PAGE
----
Leslie Labowitz-Starus is a performance artist whose latest work has become her life and her livelihood: Starus is an urban farmer, whose Sproutime farm, wedged into a greenhouse filling a Venice backyard, produces more than 3,000 pounds a week of 15 kinds of sprouts.
Sproutime, with not so much as a single row to hoe, is the ultimate in urban farms.
Farther north, under Department of Water & Power lines in Tarzana, Andrea Crawford and her husband, Dennis Peitso, farm three acres that produce nearly 50 varieties of lettuce and 25 spicy salad plants. Their Produce Gardens--harvested by hand daily by a year-round staff of 10--supply supremely fresh tossables for most of Los Angeles' finest restaurants and, more recently, their counterparts in Chicago, Boston, New York and other distant cities.
Sproutime and the Produce Gardens are by no means the last of Los Angeles' growers. Los Angeles County, with agricultural production valued at $254.5 million, still ranks 16th among the state's 36 agricultural counties, but its crop value has declined from nearly $294 million in 1985. But, inevitably, the population pressures reflected in the county's proliferation of cities--84 now dot the county with its 7.9 million inhabitants--have squeezed out the once-sprawling citrus groves and vineyards and pushed dairy operations out of the county to the east and north.
So it may come as a surprise to present residents that agriculture remains a major industry. Indeed, Los Angeles County is the nation's leading producer of ornamental trees and shrubs and bedding plants and a leading supplier of flowers and foliage plants--all high-value, intensively grown crops, often planted on marginal land or contributing a green belt under power lines.
Sproutime and Produce Gardens thus fit the contemporary mold of Los Angeles County agriculture in specializing in high-value, intensively grown crops. Significantly, both were started within the city itself and in this decade.
While Starus came to farming from an artistic background, Andrea Crawford had spent a decade in the restaurant business when she began working with Alice Waters, chef and owner of Chez Panisse in Berkeley. Crawford began growing salad fixings in Waters' backyard to supply the restaurant.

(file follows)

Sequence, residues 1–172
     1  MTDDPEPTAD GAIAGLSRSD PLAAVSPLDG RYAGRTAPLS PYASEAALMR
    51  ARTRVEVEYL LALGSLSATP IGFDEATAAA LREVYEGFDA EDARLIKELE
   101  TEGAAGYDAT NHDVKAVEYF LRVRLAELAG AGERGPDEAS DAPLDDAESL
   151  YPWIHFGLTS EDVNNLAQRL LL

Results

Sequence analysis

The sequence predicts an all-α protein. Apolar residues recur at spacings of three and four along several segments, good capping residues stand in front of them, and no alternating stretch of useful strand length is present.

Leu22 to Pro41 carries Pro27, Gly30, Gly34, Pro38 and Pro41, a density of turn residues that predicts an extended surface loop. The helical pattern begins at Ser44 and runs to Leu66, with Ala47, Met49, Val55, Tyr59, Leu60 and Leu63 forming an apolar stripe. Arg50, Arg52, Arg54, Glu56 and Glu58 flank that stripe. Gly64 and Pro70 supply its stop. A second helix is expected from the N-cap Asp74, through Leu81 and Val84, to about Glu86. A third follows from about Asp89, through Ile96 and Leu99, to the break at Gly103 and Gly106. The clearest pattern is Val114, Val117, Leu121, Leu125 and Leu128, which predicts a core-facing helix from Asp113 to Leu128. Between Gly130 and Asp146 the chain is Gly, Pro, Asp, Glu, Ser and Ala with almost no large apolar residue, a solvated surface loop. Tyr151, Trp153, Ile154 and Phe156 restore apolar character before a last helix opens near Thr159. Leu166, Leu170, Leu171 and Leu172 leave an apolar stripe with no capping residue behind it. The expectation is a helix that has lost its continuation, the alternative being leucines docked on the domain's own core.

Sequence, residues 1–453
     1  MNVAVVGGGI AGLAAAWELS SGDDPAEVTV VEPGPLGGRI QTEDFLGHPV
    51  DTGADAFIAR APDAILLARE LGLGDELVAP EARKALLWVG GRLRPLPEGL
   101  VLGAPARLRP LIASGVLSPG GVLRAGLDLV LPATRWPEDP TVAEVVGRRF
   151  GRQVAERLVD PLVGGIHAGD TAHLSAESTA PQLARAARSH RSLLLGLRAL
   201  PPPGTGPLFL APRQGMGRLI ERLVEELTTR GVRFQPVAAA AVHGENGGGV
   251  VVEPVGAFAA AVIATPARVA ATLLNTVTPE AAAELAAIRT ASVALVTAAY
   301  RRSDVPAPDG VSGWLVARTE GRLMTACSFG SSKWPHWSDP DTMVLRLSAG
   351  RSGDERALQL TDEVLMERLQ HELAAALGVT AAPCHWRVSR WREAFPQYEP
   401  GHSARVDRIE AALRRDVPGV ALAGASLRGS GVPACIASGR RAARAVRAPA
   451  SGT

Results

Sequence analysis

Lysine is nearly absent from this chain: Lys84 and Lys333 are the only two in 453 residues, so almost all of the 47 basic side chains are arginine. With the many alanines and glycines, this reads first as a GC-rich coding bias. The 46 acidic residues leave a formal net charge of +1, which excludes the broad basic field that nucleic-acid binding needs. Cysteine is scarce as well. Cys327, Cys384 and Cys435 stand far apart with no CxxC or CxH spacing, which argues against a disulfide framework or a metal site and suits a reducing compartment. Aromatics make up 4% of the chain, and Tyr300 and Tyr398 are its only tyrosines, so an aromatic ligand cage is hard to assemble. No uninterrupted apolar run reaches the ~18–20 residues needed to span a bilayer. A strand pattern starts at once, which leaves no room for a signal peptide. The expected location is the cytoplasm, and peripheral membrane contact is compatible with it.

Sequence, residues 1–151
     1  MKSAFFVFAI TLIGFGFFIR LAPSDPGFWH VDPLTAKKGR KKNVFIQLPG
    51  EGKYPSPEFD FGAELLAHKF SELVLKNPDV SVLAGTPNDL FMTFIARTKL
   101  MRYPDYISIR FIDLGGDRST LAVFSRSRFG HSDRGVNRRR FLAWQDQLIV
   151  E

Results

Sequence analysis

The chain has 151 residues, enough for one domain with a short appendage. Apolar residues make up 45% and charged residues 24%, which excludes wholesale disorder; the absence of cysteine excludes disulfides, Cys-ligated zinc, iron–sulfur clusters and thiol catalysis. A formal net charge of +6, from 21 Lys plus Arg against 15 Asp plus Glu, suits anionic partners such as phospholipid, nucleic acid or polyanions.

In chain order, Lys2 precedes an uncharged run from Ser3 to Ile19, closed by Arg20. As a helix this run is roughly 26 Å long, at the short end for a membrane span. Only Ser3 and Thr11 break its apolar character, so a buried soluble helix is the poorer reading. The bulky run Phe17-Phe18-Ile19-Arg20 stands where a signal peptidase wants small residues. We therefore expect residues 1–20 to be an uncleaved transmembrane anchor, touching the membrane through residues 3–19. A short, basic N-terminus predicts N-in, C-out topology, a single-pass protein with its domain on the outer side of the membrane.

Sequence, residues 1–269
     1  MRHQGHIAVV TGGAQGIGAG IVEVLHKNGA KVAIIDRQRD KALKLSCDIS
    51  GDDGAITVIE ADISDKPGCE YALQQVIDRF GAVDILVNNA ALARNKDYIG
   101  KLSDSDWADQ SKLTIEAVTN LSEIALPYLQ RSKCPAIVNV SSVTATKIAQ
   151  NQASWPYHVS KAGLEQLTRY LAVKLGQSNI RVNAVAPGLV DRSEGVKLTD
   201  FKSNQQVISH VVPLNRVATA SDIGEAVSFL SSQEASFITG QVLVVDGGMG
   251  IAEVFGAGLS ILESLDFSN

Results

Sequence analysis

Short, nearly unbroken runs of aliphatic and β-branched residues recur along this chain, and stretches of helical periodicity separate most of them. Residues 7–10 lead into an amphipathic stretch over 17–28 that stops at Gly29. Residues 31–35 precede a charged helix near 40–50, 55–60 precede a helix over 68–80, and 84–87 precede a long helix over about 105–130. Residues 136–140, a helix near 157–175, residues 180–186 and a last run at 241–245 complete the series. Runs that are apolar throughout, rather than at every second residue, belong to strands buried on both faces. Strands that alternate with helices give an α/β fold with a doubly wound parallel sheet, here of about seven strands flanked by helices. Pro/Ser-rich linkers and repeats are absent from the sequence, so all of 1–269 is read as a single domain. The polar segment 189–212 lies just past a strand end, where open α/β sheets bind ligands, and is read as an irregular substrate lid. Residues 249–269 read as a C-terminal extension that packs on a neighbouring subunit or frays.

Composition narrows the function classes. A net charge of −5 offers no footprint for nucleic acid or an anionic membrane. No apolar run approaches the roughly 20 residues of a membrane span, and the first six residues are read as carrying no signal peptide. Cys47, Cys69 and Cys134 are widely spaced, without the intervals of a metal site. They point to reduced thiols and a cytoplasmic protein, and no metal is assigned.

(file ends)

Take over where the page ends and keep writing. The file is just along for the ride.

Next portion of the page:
"One of the great ways you can judge a restaurant is to order a salad," Crawford said. Having worked closely with Waters she saw a gap--and a business opportunity--between what chefs require and what is available through conventional produce channels.
She and her husband still maintain three gardens in the Bay Area. But 2 1/2 years ago they moved south, bringing half an acre of Encino weed patch into cultivation and later adding three acres under DWP lines in Tarzana.
This year, Crawford and Peitso incorporated their partnership as Kenter Canyon Farms and expanded their customer base nationwide, though still doing business locally as the Produce Gardens. When chefs phone in their daily orders, collected from a message machine at 7 a.m. every morning, they are assured that what they want will be custom harvested and shipped that same day via Federal Express.
Their full-time crew of 10 practices highly intensive cultivation, producing on 3.5 acres what normally grows on 12, she said. The trick is to use deep furrows, adapted to the lettuces and spicy plants she grows; plants cover virtually every arable inch of land.
"We use no machinery at all, and no chemicals or pesticides," she said. "We stagger everything and keep it planted year-round and in enough quantity to meet demand. Restaurants want two things: reliability and quantity.